Radical Brewing By Randy Mosher
The New Classic of Beer Literature
by Randy Mosher
History, humor and homebrewing converge when the creative and prolific mind of Randy Mosher explores the expressive side of beer in Radical Brewing.
Mosher sees homebrewing and by extension craft brewing as an antidote to corporate, mass-market beers.
Over two decades of brewing and beer research, he has probed the depths of beer history in both his reading and his brewing.
Radical Brewing displays the many unique ales and lagers that have resulted from his celebration of beer while serving as a vehicle for discussing a creative, "outside the lines" approach to modern brewing.
Through it all, the reader is treated to Moshers irresistible love of beer and brewing as well as some very humorous asides on beer history.
The infectious spirit of homebrewing is hard to resist when one reviews Moshers recipe for "Electric Aunt Jemima Maple Buckwheat Ale," checks out the section on "(Not so Dumb) Blonde Ales" or chuckles through his fanciful description of the birth of beer featuring the ancient Harleh-riding Urs Angels.
Best of all, the two-color visually rich content comes in self-contained segments that instantly engage readers no matter what page they turn to.
Typically, modern brewing books focus on the science of how to brew and Mosher has mastered all of that.
But in Radical Brewing, he focuses on the creative, expressive opportunities available to those with a brew kettle.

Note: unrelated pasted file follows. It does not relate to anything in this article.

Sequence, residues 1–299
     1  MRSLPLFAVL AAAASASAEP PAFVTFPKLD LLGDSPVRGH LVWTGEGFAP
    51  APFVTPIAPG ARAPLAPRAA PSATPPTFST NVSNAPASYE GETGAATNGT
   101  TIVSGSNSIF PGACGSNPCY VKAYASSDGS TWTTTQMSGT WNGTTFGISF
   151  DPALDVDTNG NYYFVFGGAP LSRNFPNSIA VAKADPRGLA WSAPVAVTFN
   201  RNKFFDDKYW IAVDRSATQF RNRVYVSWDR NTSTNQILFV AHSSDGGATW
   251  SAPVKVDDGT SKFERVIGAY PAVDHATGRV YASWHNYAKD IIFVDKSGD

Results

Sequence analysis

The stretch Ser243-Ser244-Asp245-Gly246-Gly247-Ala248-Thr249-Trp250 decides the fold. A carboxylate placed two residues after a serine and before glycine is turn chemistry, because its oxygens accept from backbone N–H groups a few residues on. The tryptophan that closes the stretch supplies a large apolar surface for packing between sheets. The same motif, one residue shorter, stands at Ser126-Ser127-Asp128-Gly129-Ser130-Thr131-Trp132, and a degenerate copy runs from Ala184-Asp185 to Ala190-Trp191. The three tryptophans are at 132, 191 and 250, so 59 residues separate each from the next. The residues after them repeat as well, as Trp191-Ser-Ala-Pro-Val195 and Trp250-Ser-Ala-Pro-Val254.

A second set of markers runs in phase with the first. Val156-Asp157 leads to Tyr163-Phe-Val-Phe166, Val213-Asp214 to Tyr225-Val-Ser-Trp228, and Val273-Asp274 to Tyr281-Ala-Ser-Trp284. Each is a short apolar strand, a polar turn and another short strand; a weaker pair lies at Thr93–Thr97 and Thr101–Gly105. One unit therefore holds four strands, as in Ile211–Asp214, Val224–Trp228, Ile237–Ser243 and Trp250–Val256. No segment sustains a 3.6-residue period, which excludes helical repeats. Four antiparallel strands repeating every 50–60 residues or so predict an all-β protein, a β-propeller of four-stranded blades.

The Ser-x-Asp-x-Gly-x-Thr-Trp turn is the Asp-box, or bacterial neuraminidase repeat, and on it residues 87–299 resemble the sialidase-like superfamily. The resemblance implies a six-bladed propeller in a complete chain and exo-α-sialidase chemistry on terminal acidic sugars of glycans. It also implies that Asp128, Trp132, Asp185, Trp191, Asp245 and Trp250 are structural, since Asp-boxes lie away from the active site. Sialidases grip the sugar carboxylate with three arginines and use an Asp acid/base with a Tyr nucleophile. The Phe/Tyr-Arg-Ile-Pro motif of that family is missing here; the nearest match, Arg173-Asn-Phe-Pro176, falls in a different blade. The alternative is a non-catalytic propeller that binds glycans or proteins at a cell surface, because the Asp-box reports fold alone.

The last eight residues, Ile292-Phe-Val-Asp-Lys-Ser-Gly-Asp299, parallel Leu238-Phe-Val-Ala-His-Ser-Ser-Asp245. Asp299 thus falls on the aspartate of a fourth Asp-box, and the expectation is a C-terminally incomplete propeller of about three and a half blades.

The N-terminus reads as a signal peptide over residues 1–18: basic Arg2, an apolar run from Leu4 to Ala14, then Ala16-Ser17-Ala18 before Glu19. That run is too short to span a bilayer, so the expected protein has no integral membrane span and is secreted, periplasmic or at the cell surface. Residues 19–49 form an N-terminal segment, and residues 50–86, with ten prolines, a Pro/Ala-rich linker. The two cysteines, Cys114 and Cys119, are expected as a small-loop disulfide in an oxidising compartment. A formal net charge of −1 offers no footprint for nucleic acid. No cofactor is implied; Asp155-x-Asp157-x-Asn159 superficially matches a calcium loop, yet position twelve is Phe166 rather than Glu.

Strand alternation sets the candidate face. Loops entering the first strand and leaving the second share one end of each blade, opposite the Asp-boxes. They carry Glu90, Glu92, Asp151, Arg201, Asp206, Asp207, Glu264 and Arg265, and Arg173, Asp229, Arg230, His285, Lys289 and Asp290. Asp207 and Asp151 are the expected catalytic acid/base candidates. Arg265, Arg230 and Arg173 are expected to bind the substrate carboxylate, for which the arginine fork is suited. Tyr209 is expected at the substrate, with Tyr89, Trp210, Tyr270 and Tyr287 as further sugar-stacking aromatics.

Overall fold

Each chapter offers techniques and recipes as well as ideas for independent exploration of new brewing frontiers.
The result is a text that both informs and inspires experienced brewers while providing an engaging and intelligent introduction to the hobby for newcomers.
Famed beer writer Michael Jackson once called Mosher "some kind of homebrewing genius" and in the forward to Radical Brewing, he further lionizes this genius, saying "His activities are probably a threat to our morals.
Passion, imagination and tenacity are a challenge to the established order."
These two masters of beer have collaborated in the past, as Jackson notes when he tells how Mosher accurately recreated the flavor of a now-lost beer style that even Jackson had only once tasted himself.
And though Jacksons accolades for Mosher are great, one can only imagine that they will pale as practicing brewers of all stripes begin to digest Moshers treasure-trove of beer ideas and render their own reviews of this delightful book.
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